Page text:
When we travel to a new place, the first we thing do is to visit the popular tourist destinations. These are mostly architectures that have caught the world’s attention because of the innovative design and engineering ingenuity involved in building it. Some of these architectures have even been part of the Wonders of the World, like The Great Wall of China and the Eiffel Tower.
In terms of architectural marvels, there is no better place than Malaysia. Now, you’re probably thinking about the Petronas Towers, right? It is considered to be one of Malaysia’s greatest engineering feats. But that is not the only architecture that showcases their talent when it comes to designing and building. Malaysia has perfected the art of fusing old motifs with contemporary construction.
Here we’ve listed down all the sites you must visit to see Malaysia’s architectural talents.
Petronas Twin Towers
We’ve already mentioned the Petronas Twin Towers, so let’s start there first. This is obviously the most popular skyscraper in Malaysia. It is located at the Kuala Lumpur City Centre, so you can easily go here from your hotel near The Curve, PJ. The Petronas Twin Towers stands at about 1100 feet above ground and is meant to exhibit Islamic geometric patterns the interlocking squares that form eight-pointed stars.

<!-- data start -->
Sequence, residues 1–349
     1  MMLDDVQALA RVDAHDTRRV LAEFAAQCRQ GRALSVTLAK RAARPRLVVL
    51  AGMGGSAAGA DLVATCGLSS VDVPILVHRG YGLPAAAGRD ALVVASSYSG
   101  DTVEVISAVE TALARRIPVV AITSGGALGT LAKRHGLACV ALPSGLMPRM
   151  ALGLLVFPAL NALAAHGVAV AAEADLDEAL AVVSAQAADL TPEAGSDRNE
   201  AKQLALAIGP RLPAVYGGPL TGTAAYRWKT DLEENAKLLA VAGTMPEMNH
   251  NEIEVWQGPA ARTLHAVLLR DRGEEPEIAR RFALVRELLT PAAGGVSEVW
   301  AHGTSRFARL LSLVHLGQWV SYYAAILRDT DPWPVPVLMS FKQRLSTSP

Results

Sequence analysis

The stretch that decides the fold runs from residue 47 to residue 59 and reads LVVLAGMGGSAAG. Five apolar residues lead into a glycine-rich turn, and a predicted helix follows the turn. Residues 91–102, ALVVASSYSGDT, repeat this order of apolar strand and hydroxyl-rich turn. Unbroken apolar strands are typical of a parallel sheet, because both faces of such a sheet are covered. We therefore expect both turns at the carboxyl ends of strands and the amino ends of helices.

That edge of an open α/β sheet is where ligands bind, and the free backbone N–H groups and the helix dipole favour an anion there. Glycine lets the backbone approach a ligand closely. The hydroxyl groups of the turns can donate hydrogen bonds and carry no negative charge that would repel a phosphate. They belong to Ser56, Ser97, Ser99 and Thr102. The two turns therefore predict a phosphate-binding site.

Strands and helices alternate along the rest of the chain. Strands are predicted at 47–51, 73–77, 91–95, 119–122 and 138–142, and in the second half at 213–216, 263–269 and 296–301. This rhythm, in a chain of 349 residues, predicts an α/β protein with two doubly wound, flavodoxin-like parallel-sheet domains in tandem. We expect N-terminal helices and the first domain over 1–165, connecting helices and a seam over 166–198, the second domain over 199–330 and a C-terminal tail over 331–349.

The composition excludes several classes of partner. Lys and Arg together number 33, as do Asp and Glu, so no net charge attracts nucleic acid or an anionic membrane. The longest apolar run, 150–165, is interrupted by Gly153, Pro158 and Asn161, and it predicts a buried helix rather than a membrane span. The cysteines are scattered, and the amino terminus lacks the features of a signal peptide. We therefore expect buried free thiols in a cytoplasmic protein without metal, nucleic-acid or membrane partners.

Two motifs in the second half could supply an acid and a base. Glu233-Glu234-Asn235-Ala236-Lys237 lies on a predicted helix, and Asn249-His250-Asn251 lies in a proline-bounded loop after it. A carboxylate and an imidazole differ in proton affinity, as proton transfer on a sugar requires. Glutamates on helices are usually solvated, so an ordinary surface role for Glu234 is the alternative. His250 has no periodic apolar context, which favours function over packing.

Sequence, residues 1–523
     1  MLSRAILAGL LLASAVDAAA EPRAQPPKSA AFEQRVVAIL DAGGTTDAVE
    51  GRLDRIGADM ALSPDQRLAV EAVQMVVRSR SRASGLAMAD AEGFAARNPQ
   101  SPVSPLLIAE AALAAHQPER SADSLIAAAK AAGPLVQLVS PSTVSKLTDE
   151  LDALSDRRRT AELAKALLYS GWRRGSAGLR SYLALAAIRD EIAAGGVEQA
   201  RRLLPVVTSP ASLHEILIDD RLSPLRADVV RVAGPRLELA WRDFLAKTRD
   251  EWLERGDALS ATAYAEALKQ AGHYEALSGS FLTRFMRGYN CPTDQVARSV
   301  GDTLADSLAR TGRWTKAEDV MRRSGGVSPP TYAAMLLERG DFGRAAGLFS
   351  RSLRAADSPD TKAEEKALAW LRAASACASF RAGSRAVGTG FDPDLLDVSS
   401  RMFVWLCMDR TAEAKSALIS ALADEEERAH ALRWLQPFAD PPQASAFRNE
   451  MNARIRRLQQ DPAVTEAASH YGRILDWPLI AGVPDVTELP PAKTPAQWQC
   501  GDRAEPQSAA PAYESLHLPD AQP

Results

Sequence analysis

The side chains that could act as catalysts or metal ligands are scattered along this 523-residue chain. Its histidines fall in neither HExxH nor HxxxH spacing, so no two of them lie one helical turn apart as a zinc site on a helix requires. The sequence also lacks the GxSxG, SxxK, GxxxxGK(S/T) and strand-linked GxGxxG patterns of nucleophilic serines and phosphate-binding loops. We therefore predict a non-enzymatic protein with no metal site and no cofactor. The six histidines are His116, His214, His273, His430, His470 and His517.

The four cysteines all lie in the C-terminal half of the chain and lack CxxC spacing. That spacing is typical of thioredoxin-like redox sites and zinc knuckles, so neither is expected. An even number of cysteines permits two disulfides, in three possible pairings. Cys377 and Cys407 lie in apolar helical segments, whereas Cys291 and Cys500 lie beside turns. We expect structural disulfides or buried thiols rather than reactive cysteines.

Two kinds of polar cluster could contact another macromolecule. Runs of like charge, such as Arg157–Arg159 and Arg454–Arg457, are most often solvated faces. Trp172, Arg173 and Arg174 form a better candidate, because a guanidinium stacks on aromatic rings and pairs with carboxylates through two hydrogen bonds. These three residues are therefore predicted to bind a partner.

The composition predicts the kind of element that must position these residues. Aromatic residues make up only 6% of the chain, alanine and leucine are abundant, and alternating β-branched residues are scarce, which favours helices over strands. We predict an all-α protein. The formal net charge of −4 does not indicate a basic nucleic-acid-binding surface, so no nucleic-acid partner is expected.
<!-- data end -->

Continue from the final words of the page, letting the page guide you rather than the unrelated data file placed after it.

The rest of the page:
Another accessible location from your Petaling Jaya accommodation are the Batu Caves. It’s hard to miss the caves because there is a 140-feet statue of Lord Murugan, a Hindu god of war, that stands high in front of it. You will have to climb 272 steps up the mountain just to see the caves. Be careful when you step inside the caves, though, because it can get quite slippery.
Raja Haji Fisabilillah Mosque
The Raja Haji Fisabilillah Mosque looks like it came right out of a science fiction novel because of its futuristic design. It was named after a Bugis warrior and Crown Prince of the Johor-Riau Sultanate from Penyengat Island, Indonesia. You will see a dome on an octagonal half-pyramid on the roof with a crescent moon and a star. The building is powered by the solar panels installed on mosque’s flat rooftop. Most striking of all is its minaret which has an obelisk and sits on a shortened pyramid.
Langkawi Sky Bridge
When you make your way to Langkawi, don’t just visit the beaches, include the Langkawi Sky Bridge in your itinerary. The bridge is 400 feet long and is above 2000 feet above sea level. It crosses through a thick rain forest and to Mount Mat Cincang. From the bridge, not only are you going to get a breathtaking view of Langkawi, but you can also get a view of Thailand.
The next time you step out of your hotel in Petaling Jaya like Royale Chulan The Curve, explore the architectural wonders of Malaysia by visiting some of these sites.